Colon cancer rates are rising, especially among young people, and colorectal cancer is the second leading cause of death in the United States. While the increased rates may be due to better detection methods, scientists still want to know more about what is causing the disease. Researchers at the David Geffen School of Medicine at UCLA set out to investigate how a diet high in cholesterol might increase the risk for colon cancer.
A mouse model was used to research the connection; the investigators found that when animals received a high amount of cholesterol, stem cells in the intestines of those animals were stimulated to divide much faster. That in turn, enabled tumors in the gut to grow one hundred times faster! Reporting in Cell Stem Cell, these findings may also help identify treatments for the disease; the researchers found a signaling pathway that is a good target for colon cancer therapeutics.
"We were excited to find that cholesterol influences the growth of stem cells in the intestines, which in turn accelerates the rate of tumor formation by more than 100-fold," noted the senior author of the report, Dr. Peter Tontonoz, the Frances and Albert Piansky Professor of Pathology and Laboratory Medicine at UCLA. "While the connection between dietary cholesterol and colon cancer is well established, no one has previously explained the mechanism behind it."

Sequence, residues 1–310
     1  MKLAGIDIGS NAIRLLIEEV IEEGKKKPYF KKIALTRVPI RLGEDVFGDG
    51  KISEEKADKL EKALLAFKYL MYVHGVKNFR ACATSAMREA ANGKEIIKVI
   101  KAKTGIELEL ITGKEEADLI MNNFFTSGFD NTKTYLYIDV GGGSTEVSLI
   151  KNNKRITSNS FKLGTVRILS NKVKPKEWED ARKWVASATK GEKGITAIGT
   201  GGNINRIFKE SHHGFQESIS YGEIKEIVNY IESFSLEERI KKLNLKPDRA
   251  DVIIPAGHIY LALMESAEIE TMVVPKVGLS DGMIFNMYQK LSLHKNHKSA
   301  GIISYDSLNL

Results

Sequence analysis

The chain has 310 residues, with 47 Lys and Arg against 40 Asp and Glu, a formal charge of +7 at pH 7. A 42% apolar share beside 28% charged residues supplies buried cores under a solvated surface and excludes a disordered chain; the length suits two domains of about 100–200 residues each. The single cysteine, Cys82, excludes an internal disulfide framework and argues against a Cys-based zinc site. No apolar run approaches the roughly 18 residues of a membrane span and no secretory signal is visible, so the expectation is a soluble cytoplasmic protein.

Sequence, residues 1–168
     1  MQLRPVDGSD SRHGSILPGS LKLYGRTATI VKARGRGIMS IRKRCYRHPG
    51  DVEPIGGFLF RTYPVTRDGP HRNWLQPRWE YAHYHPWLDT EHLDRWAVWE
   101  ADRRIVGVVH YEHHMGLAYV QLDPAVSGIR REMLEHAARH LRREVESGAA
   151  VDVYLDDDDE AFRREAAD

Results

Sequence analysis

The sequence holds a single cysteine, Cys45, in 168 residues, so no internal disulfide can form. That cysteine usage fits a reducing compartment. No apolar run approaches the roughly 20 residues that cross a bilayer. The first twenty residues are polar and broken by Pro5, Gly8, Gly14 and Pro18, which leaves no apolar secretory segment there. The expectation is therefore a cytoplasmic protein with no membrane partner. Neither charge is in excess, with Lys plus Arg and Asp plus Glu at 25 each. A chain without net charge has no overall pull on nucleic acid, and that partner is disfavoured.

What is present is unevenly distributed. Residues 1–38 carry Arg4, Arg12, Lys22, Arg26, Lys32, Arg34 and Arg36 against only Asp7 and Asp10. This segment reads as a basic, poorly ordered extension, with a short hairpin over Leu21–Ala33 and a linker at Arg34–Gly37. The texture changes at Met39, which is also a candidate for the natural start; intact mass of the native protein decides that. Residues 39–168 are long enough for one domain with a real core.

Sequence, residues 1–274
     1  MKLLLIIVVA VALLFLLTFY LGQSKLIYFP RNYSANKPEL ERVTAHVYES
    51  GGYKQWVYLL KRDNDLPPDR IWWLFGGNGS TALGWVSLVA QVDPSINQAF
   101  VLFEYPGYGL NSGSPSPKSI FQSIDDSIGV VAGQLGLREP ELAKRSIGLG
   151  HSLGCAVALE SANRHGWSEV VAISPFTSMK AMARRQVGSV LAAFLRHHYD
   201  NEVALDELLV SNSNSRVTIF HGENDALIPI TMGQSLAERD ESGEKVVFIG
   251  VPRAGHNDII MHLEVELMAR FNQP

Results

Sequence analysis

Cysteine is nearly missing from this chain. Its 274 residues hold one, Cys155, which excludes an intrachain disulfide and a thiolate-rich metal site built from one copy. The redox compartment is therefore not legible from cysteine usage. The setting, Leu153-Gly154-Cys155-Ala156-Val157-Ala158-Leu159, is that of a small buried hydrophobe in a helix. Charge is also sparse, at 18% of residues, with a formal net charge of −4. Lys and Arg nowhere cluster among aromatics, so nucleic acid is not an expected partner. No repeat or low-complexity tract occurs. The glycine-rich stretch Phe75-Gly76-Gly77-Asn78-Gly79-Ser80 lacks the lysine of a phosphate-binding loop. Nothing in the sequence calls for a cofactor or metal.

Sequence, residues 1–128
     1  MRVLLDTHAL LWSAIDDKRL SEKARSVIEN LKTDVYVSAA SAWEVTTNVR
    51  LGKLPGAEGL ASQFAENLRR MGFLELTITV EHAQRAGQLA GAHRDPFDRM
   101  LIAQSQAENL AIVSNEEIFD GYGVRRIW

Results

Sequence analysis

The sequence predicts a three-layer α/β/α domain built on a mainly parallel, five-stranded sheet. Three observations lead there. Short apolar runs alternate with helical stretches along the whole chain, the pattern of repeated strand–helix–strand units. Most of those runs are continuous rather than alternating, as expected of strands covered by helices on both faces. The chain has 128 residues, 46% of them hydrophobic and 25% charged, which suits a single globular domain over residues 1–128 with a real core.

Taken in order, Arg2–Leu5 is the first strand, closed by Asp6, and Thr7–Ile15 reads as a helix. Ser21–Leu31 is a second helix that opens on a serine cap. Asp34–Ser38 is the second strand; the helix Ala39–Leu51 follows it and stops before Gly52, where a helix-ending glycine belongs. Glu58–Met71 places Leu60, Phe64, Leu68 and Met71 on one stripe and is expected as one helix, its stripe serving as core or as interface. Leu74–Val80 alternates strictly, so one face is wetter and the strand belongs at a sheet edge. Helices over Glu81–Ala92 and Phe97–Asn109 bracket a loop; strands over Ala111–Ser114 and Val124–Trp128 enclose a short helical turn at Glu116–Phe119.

For this study, the mice received more cholesterol in their diet, which made its way to the intestinal stem cells. In other experiments, the scientists manipulated a gene that regulates the most common fat in cell membranes, called phospholipids. That also caused the cells to synthesize additional cholesterol themselves. Whether the animals got more cholesterol in their diets or were stimulated to produce more because of genetic engineering, their stem cells had an increased ability to multiply.
Once the cells in those animals began to divide more quickly, the tissue that lines the gut expanded, and the animals' intestines grew longer. Tumor formation in the colons of those animals was also significantly accelerated.
Next, the researchers want to explore the pathway they have revealed, to see if it also speeds up the growth of other kinds of cancer.
Learn more about colon cancer, and who is most at risk, from the Ted Talk in the following video.